“The glaring fact of that study was there was absolutely no correlation to (2012) yield levels, so your good, high organic soils in northern Illinois, where they had a really nice crop, those ultimately resulted in some of the highest nitrate samples.

“Nitrogen is a very complex nutrient, the fact that it goes into the plant in a couple different forms, ammonium form and also a nitrate form. Then throw in the fact that organic matter is mineralized and actually releases nitrogen into the soil gives you a little different spin.

“In southern Illinois, we had five- to 10-bushel corn, and some of our nitrate samples were virtually nonexistent due to light, low organic matter timber soil.

“We told a lot of growers not to factor leftover nitrogen into their nitrogen strictly due to the fact that it’s extremely volatile and even the university really don’t have a good grasp what type of numbers we actually have.”

AgriGold agronomist Steve Heightchew, whose area includes southern Indiana and parts of Illinois and Kentucky, said, “With the continued rains we’ve had nothing has been timely.”

“Sidedressing has gone on a little bit late in a lot of cases, so we’re fighting that. Of course, right after we’re putting it on, we’re getting even more rain and sitting there in saturated conditions,” he said. “It could be a great year to come back in and sidedress with some leg over-the-top applications to be able to pick up what we’re losing.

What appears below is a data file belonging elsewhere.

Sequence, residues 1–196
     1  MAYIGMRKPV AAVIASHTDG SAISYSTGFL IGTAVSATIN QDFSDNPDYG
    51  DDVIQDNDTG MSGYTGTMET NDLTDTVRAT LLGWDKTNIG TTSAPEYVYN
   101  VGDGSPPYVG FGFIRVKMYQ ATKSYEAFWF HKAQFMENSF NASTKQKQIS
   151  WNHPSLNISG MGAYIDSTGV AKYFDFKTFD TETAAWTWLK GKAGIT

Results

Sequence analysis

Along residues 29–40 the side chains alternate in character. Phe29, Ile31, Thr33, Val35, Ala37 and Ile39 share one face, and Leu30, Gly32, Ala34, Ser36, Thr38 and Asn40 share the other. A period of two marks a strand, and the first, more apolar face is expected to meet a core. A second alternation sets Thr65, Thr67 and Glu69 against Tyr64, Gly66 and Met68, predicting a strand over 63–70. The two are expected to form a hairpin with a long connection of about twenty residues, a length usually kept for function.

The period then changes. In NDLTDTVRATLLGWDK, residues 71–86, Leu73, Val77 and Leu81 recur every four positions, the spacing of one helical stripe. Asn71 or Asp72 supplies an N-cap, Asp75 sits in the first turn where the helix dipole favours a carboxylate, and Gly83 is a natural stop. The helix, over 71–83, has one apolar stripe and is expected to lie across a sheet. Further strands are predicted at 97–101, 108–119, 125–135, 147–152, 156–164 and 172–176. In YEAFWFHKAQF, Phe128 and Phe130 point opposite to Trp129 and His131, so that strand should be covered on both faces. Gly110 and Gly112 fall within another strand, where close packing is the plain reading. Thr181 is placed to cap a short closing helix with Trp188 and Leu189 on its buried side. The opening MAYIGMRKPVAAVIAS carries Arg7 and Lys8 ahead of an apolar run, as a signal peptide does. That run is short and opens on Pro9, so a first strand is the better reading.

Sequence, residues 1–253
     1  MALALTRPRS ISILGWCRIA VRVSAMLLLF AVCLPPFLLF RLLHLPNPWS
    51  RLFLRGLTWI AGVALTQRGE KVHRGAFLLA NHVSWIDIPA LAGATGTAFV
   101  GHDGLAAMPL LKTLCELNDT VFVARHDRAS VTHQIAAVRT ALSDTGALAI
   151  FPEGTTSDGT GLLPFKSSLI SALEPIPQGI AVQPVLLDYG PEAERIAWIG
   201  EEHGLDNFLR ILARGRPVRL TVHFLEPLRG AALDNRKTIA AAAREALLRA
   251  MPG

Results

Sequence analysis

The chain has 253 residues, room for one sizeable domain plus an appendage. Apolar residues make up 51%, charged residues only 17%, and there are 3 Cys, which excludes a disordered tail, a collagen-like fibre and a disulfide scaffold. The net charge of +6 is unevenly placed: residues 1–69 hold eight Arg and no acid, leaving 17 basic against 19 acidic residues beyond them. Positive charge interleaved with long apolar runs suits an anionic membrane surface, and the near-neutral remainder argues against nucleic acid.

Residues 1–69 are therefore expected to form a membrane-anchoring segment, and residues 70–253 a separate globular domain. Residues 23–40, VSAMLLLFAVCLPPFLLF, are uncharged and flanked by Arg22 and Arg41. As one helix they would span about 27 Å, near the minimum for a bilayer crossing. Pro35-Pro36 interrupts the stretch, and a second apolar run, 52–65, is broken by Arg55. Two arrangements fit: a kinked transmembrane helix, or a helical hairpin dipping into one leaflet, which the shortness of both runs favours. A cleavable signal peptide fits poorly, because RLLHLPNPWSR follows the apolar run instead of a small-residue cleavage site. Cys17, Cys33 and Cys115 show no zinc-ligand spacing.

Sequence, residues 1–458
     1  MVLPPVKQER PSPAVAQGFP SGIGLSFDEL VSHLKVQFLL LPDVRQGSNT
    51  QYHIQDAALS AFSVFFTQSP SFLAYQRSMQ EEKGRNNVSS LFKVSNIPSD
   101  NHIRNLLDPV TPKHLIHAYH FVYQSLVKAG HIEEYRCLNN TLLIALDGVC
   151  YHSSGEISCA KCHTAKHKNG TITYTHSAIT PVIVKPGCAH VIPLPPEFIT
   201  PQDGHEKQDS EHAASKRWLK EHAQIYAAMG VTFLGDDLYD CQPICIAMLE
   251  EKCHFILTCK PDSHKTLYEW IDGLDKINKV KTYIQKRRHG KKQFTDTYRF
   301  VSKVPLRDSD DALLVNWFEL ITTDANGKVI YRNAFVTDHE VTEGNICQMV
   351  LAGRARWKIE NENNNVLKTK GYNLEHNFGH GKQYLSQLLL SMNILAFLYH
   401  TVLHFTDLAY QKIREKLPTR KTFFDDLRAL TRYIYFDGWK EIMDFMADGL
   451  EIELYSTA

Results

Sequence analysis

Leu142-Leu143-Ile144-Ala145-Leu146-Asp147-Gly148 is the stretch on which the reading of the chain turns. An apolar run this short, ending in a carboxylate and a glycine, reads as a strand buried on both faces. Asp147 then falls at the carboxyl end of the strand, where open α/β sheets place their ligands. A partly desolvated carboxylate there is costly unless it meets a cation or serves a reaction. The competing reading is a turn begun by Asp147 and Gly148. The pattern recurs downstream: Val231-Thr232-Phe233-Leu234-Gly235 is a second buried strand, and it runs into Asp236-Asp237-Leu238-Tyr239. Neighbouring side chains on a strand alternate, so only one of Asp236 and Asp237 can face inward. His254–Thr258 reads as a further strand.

“We’re pushing the envelope in a lot of those cases and adding extra to our sidedress, but we’re putting it right into conditions that are going to be conducive to losing it again.”

Soil tests in eastern Iowa cornfields showed good nitrogen levels, according to agronomist Terry Mente, who serves that area.

“I think the way I approach the nitrogen thing is we’ve had a lot lower prices for corn in the past and what are we going to do with nitrogen when the price of corn is low? They’re going to put on just enough,” he said.

“When you get high-priced corn, there’s a big charge out there. Maybe my guys were different than anybody else, but they had a good charge out there.”

However, the downside is there are a lot of roots that aren’t going deep because “they didn’t have to,” Mente said.

“So are they catching it before the rain pushes it away? That’s the fine line right now, and I don’t think those roots are catching up to it at this point in time,” he said.